This is the first time I'm going to see a scene. I have no idea. Literally, I was just totally by myself and so it's so thrilling to see that play out, actually. You know what? It's a good question about trust. I mean, I just trust Andrew. I love him. Obviously, I think to do this type of thing, I would only really be up for doing something like this with someone like Andrew, who I just think is a great artist and leader. Because I think to a certain extent if you just go out there and do a bunch of stuff and you don't trust the person, it's very frightening. But I felt totally comfortable and I think that I was one of the first people to shoot.
So, I enjoyed that we're all figuring it out, that whatever any hiccups we encountered, they could take note of and then give to the other actors to avoid any such problems when they shoot. I like the idea of being sort of like a tester, like a beta. I liked being the first one to experiment, to be like, "Okay, good to know. These microphones don't do this. Good to know that when you've got this person on an iPad here the internet goes like this."
I liked how new it was to everyone at the same time. I don't know why, I just felt there's a camaraderie in that because it's kind of what the pandemic was like. So, I liked all going into something with an idea of how it could maybe be, but really, none of us ever doing it before, truly.
MF: The movie deals with isolation, did the way it was shot, and also the fact that it was made during COVID, help you achieve that feeling of isolation?
JS: Well, I think that if you look at just the way we all interact with each other, or talk to each other, it's such an interesting dance, at least in my case of listening and not listening, and why people say something in the middle of a conversation that takes it in a different direction. With the Zoom and everything, people can be writing stuff, you could be doing a totally different thing. So, that totally came into play, this idea of focus, and listening, and being present with someone because you cannot be. I guess people can fake it, but I also think that you know
Anyway, it became that in such a wonderful way because you're acting in the scene, and you are, as much as I'm listening to the other lines and trying to do it, I'm also aware that I've got to have some kind of consistency to what I'm doing so that they can intercut. So, in the beginning of shooting those scenes, I knew all the lines, but you're trying to figure out where to be physically and look for these landmarks because there's going to be so much unknown, like where do we know he definitely should be standing? What can we lock in?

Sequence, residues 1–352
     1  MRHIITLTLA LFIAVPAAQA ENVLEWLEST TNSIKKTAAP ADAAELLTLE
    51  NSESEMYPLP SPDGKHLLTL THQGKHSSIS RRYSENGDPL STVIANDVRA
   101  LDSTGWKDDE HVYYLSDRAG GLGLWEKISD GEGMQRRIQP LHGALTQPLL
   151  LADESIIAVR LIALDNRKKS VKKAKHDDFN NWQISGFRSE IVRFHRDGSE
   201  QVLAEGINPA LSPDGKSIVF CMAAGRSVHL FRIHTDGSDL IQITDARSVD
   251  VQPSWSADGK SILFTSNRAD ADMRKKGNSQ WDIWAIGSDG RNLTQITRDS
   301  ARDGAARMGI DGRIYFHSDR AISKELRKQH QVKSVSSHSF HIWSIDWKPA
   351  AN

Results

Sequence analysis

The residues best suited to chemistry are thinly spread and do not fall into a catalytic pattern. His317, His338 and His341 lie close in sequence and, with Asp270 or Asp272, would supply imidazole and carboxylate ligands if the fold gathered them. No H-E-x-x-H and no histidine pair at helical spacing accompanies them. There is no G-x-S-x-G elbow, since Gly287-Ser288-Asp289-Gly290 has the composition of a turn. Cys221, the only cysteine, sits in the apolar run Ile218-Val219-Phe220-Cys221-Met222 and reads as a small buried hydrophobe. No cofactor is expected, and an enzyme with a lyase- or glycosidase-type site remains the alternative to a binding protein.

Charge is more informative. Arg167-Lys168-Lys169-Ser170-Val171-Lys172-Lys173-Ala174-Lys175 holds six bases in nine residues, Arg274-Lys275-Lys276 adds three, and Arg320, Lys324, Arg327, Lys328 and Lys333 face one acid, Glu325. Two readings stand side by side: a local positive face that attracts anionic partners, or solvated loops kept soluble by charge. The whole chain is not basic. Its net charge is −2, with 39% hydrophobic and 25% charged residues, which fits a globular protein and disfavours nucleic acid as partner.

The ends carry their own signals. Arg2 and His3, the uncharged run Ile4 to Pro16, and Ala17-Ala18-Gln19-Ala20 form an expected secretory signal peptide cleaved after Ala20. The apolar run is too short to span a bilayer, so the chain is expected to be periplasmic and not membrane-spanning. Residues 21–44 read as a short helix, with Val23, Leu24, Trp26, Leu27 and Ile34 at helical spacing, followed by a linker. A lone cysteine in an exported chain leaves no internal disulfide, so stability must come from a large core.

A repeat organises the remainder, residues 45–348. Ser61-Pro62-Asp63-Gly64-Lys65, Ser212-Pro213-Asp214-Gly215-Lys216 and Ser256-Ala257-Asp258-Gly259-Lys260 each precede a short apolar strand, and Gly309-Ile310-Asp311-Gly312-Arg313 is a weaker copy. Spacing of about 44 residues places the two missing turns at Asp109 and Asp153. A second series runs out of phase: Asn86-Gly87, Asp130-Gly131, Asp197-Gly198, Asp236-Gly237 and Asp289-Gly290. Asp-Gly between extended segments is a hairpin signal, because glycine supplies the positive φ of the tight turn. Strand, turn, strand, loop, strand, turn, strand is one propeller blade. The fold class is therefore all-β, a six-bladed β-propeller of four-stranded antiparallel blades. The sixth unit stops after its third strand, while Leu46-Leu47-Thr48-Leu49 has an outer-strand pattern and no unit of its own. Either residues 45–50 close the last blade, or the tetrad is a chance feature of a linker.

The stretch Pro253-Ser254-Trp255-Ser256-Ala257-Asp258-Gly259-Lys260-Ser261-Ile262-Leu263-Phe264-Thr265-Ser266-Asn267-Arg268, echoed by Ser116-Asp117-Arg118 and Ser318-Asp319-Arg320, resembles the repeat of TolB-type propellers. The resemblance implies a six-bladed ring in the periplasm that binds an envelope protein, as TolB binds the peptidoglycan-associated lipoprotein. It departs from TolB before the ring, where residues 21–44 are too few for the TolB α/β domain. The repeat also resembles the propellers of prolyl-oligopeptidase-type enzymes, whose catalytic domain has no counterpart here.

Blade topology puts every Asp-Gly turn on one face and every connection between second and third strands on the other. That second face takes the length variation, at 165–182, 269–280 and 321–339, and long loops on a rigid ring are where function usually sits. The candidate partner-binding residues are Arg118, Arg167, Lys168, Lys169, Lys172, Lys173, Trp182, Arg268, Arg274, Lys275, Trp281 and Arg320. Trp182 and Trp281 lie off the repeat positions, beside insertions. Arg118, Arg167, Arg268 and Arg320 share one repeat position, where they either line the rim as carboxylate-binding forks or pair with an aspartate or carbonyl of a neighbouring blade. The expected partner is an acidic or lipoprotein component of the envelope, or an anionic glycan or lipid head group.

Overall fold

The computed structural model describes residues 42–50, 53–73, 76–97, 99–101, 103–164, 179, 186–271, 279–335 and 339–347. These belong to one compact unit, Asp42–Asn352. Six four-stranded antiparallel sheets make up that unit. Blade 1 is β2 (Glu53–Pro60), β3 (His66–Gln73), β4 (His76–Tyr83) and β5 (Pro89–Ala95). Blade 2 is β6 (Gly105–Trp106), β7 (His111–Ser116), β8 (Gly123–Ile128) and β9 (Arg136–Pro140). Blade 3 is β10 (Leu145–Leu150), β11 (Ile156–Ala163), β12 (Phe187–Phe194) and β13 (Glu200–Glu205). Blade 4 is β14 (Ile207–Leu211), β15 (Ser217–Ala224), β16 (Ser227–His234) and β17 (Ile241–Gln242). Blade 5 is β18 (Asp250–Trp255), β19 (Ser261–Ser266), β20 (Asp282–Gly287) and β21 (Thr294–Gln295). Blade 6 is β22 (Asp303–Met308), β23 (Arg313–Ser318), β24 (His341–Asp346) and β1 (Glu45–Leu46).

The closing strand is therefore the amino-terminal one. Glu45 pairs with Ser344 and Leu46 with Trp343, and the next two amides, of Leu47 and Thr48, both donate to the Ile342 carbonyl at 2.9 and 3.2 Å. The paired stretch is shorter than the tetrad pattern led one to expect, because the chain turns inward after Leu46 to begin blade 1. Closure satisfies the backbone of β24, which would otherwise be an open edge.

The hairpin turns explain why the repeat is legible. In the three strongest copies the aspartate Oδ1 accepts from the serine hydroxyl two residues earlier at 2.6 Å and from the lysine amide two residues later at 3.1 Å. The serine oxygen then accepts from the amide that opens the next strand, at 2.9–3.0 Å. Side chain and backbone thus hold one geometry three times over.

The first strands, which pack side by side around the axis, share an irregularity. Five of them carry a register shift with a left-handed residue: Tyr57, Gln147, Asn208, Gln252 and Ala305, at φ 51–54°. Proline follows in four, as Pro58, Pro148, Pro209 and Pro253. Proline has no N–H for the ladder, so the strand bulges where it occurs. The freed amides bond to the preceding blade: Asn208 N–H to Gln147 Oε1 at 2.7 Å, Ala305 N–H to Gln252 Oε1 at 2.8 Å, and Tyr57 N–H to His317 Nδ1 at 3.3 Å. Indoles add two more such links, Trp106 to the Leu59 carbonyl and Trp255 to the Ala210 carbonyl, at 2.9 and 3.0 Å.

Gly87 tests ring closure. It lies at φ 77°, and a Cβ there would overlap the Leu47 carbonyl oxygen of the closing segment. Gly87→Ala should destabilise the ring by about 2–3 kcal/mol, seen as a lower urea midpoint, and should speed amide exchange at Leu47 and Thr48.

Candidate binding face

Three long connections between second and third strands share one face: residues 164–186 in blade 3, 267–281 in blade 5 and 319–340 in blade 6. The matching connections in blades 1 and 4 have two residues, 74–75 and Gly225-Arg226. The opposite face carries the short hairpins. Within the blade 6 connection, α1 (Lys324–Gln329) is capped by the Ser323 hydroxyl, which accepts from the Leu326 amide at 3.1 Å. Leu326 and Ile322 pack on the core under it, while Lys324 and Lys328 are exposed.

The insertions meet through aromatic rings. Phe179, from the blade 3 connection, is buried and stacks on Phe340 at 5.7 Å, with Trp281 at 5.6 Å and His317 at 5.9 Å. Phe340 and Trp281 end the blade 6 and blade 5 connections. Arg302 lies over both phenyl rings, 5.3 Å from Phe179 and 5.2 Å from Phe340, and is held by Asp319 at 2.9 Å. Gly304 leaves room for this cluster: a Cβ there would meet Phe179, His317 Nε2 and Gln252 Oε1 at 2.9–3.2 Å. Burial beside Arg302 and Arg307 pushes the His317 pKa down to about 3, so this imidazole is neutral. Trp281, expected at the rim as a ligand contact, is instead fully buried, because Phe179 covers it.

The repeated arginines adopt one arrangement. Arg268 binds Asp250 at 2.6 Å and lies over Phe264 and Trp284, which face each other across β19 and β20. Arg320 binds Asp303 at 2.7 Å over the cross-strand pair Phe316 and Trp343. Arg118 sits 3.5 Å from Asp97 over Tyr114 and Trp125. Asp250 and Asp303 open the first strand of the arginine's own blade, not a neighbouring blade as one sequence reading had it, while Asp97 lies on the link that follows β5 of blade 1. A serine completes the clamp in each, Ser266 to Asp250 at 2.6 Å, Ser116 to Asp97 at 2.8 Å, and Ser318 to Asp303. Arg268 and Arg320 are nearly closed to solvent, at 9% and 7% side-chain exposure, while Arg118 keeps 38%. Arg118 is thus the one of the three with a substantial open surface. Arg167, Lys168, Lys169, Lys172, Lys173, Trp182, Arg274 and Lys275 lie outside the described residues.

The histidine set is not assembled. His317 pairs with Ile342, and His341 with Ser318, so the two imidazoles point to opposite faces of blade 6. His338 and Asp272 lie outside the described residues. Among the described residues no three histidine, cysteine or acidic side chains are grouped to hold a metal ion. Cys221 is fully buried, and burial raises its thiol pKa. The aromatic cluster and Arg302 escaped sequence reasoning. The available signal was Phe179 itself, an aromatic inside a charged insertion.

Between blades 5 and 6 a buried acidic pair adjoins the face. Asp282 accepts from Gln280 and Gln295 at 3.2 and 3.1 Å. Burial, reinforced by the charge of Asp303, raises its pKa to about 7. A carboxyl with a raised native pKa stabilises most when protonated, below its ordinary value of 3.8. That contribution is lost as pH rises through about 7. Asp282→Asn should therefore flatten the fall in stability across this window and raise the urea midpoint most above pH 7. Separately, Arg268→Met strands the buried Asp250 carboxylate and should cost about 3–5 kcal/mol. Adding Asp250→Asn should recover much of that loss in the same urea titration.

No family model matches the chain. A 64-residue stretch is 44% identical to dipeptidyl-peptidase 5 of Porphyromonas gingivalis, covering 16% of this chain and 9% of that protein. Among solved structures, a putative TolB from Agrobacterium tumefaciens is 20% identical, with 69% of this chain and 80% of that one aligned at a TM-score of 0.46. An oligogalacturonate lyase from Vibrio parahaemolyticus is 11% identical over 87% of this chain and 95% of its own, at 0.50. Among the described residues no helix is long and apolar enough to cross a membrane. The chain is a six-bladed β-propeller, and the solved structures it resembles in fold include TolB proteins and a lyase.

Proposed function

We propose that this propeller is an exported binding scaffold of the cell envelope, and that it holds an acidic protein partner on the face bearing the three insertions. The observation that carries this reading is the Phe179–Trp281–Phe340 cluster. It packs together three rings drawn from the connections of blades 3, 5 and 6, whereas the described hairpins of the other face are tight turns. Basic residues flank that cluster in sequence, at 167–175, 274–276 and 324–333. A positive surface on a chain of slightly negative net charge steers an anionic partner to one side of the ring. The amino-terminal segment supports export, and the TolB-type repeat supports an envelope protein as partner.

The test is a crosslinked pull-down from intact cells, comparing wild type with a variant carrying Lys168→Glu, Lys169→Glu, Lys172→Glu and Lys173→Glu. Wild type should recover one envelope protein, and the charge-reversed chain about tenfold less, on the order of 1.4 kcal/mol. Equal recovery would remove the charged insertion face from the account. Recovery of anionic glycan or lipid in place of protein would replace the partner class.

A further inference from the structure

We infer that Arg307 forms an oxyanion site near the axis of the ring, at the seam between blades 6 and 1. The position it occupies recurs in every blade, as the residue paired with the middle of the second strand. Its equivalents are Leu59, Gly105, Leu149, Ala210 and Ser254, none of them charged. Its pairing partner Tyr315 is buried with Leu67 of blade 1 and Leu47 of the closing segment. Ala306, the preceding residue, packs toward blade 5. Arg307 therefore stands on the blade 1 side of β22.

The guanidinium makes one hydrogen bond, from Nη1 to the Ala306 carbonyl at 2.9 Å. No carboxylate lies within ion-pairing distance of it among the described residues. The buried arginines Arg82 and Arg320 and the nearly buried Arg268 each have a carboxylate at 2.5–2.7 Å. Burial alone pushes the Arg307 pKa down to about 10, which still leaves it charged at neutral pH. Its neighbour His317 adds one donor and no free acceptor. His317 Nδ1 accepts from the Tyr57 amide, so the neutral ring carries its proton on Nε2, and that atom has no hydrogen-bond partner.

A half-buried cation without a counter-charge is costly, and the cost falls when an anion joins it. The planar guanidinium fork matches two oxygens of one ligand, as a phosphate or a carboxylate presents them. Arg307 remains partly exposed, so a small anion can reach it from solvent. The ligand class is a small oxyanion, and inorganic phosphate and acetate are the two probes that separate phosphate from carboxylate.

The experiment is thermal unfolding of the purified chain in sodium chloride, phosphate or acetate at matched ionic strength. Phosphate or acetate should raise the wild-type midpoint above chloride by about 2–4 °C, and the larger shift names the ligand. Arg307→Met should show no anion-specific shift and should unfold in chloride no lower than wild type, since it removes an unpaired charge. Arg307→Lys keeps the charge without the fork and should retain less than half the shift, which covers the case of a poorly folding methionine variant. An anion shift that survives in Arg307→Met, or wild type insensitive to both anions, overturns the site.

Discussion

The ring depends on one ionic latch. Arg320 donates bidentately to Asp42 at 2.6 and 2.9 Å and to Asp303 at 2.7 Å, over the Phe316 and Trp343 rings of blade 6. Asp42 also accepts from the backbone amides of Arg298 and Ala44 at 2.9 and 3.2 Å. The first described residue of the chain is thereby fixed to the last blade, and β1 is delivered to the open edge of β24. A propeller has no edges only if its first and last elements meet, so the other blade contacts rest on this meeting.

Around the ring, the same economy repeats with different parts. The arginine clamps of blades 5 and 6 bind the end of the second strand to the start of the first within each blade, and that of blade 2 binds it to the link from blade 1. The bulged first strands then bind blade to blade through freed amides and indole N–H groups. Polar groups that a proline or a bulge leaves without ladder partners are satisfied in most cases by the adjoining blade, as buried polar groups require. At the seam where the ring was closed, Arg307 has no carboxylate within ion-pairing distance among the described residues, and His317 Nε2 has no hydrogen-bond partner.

I love that process. Then you are kind of playing but also trying to get it, at least in my case, I wanted to get it consistent to where I was working towards something where not every take was so different, and I was trying to get better and better at it, or faster and faster. In that process, you realize that you are not listening anymore. Because there's no one there doing the scene with you.
So, there's no one to stop you from getting to your mark early or picking up a thing early. You start to hit these targets throughout the scene, these goals and say, "Okay, got to get to this thing here." I think it's somewhere in that you just begin to talk to yourself and it's kind of amazing, like I was saying earlier, it totally becomes what the movie's all about. You're listening and not listening. It's the illusion of listening, I suppose. Then it comes full circle where you go back to it and you are like, "Whoa," then you break through to another place where you all of a sudden are hearing these lines, almost like for the first time.
If you're learning flashcards, you're like, "Hmm, that is this. That is that," then by the end, if you've done them for enough, then you just know. You're like, "Hydrogen. Neon. Oxygen." You know the next card. But then there becomes a moment after that where you start to go, "Oxygen. Wow, that's something I never thought about. Oxygen."
You push through the robotic part of it, almost like a mantra, I suppose. The little I know of that. But like music even, it's just like you can break through and it was so fun. I mean, I love doing it this way I'm afraid of other actors, I think. I don't want the other actors to laugh at me and this was perfect for that. No other actor can laugh at you. Just yourself.
MF: Finally, how would you describe your character in your own words? What did you like about him, dislike about him, and what was your approach to getting inside his head?
JS: That's a great question. I loved, by the way, the process of figuring this out with Andrew, who was so remarkable, and just a great collaborator. The way he talks about the characters and the way he answers questions, it's as if you really are asking him about someone who's real. He doesn't really know, but he's trying to understand too.
You ask a question. He's like, "I don't know. Why would he do that?" It's kind of like you're talking about this friend of yours that did something strange and you're trying to understand why they did it. What could possibly be happening in their personal lives? But to me, the character was really focused on the family aspect of it and I think that in my character's brain, I'm doing the right thing at all times.
There's a way his lives supposed to play out and if everyone can just bear with him, it will work out. But if anything becomes disruptive or questioned, it will fall apart because it actually isn't such a great plan. It's totally not a way one should conduct themselves and live their life, but he is focused on keeping his family together. So, to me, it was all about just keeping things flowing, good, positive, and stay with me, a kind of confident desperation, if that makes any sense. He’s just very desperate, but makes it seem like you're the one who's desperate.